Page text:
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CEO Report: Commitment to Excellence

November 6th, 2013

By Jeff Petersen CFP®

There are many important components to our successful wealth management strategy, but one of the key components took center stage last month. On October 14, 2013, Eugene F. Fama was one of three awarded the Nobel Prize in Economics along with Lars Peter Hansen and Robert J. Shiller “for their empirical analysis of asset prices”.


While I have participated in one Robert Shiller lecture, I have not had the pleasure of listening to a Lars Hansen lecture. I have had the opportunity on numerous occasions to talk with University of Chicago Professor Fama as well as listen to him lecture several times due to our strong relationship with Dimensional Fund Advisors where he sits on the Board of Directors... Continue reading →

Quarterly Report: Third QTR 2013

As the third quarter of 2013 ends, the first government shut down in 17 years begins due to the  inability of Congress and the White House to agree on a budget. Regardless of political ideologies, philosophies, and stances, the United States government has been the greatest contributor to economic volatility and uncertainty. The third quarter was also marked with uncertainty regarding the Federal Reserve ending its Quantitative Easing (QE) program that involves the purchase of $45 billion in Treasury bonds and $40 billion in mortgage-backed securities per month. The Federal Open Market Committee has decided to... Continue reading →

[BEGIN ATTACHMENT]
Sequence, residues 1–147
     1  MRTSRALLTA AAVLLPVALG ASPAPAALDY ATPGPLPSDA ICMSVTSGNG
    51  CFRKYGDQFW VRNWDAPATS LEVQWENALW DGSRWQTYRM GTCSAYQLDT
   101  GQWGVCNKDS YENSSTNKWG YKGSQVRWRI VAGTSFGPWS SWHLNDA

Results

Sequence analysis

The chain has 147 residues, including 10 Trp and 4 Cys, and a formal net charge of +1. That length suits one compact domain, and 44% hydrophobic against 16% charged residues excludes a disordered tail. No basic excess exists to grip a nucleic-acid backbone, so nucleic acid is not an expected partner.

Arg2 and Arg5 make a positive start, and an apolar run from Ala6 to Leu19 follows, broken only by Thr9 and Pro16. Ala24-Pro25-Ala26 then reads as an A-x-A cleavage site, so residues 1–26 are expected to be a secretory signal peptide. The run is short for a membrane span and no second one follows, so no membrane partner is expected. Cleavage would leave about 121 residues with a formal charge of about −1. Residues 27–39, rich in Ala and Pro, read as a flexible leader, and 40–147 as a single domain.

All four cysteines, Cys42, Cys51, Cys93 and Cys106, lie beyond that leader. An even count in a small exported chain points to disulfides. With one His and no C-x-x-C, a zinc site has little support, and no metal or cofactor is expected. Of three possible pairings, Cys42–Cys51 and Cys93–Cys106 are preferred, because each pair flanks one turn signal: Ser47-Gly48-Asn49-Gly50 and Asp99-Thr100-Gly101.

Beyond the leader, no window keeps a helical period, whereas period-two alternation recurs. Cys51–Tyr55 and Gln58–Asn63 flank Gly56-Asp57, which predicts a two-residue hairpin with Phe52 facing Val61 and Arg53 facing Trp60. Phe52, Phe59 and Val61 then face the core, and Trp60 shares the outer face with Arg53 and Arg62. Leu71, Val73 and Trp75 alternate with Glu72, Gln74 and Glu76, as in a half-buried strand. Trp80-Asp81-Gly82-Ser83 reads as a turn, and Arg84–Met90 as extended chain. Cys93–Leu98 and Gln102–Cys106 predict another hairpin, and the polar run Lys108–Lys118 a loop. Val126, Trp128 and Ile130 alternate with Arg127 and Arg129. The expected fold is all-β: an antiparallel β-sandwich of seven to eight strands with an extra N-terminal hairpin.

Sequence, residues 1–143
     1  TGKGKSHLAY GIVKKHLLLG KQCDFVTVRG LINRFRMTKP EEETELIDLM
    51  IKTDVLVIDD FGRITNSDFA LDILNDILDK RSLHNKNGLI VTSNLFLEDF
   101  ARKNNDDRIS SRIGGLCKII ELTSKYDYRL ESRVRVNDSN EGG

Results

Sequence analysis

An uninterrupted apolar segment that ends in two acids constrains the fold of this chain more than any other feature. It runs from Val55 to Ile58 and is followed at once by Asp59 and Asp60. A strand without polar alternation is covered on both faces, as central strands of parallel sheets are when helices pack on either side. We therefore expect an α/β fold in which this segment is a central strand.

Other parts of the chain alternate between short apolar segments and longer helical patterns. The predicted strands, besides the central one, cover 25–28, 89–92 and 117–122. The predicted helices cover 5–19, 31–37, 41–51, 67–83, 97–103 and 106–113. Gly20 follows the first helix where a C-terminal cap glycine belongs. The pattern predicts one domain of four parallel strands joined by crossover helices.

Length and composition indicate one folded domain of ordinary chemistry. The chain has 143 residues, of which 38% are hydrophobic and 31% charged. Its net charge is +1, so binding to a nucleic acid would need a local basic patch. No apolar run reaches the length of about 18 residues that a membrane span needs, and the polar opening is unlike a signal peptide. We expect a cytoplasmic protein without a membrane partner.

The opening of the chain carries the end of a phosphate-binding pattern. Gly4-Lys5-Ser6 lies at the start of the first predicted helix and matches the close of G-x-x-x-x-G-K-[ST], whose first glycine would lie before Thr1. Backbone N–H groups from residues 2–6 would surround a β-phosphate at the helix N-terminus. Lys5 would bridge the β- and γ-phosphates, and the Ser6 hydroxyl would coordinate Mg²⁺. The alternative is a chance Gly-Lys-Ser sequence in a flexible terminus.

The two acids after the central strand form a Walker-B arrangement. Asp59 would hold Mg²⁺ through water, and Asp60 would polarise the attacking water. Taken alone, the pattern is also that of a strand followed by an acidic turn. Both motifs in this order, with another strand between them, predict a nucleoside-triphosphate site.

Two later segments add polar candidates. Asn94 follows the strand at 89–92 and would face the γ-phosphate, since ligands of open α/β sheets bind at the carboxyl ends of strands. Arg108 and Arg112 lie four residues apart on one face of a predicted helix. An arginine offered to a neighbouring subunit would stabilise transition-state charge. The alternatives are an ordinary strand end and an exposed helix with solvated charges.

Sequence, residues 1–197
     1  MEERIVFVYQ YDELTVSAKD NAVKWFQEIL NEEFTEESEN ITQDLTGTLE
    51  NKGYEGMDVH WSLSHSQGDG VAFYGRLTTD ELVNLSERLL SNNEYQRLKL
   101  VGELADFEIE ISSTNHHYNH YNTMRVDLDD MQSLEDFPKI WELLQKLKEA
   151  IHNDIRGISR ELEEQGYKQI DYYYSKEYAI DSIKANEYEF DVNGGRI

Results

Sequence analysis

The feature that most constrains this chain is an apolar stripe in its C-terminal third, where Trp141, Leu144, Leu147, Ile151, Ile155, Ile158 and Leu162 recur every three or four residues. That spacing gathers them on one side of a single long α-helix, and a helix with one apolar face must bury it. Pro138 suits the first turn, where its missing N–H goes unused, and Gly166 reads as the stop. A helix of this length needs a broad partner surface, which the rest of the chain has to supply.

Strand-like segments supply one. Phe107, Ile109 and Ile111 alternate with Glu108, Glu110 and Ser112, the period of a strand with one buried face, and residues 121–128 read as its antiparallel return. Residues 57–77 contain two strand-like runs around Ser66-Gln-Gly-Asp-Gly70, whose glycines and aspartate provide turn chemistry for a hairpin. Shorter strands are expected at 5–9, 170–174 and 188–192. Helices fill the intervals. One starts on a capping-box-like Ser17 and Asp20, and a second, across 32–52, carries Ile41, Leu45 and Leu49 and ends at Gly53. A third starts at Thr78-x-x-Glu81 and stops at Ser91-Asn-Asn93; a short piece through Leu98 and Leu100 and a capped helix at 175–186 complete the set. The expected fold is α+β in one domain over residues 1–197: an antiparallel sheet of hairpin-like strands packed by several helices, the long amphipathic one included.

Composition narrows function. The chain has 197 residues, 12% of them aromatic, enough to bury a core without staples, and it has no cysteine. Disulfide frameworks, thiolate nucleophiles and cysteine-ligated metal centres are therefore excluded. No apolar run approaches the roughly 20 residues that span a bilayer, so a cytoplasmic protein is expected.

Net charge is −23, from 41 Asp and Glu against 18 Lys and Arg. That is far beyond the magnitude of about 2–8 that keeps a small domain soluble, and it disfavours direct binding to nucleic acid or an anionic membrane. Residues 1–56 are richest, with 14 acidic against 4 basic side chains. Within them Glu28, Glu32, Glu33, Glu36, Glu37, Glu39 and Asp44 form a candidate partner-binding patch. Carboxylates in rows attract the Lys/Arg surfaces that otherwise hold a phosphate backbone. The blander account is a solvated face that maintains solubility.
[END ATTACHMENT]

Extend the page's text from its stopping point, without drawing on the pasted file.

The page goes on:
Hindsight is 20/20

September 18th, 2013

By Matthew Petersen

Most everyone likes the idea of “winning big”, whether it be romanticizing about buying Microsoft in the 80s, Google in the 2000s, or winning the outrageous Powerball jackpot. That romance has a tendency to convince us that there is some way to create or duplicate those past successes experienced by others. The very same idea can be analogized with the acquisition of above average sports skills. If you’re a fantastic golfer today, what if you started earlier in life and spent more time playing golf and less time focused on school – how would your life be different? There is nothing wrong with romanticizing over these “what if” scenarios, but there is danger in developing a belief in their possible reality. The irrational exuberance of confidence in one’s ability to duplicate past investment success by either themselves or others is all too common throughout the investment world. Those individuals that seek out professionals to produce above market returns through conventional stock picking are only less disappointed than those whom invest for themselves... Continue reading →

Fixed Income Investments in a Low Yield Environment

September 3rd, 2013

By Josh Chittenden, CFP®

On August 8th, 2013, I searched “CD Yields” on Bankrate.com. On this day, the average 3 month CD yielded 0.15%, while the average 5 yr. CD yielded 1.5%. According to Bankrate.com, in 2007 the average 5 year CD yield was above 3.5%! This is a significant decline between the Great Recession of 2007 to now. This drastically lowered yield has large implications for investors. So, how did we get here and what should an investor do in this... Continue reading →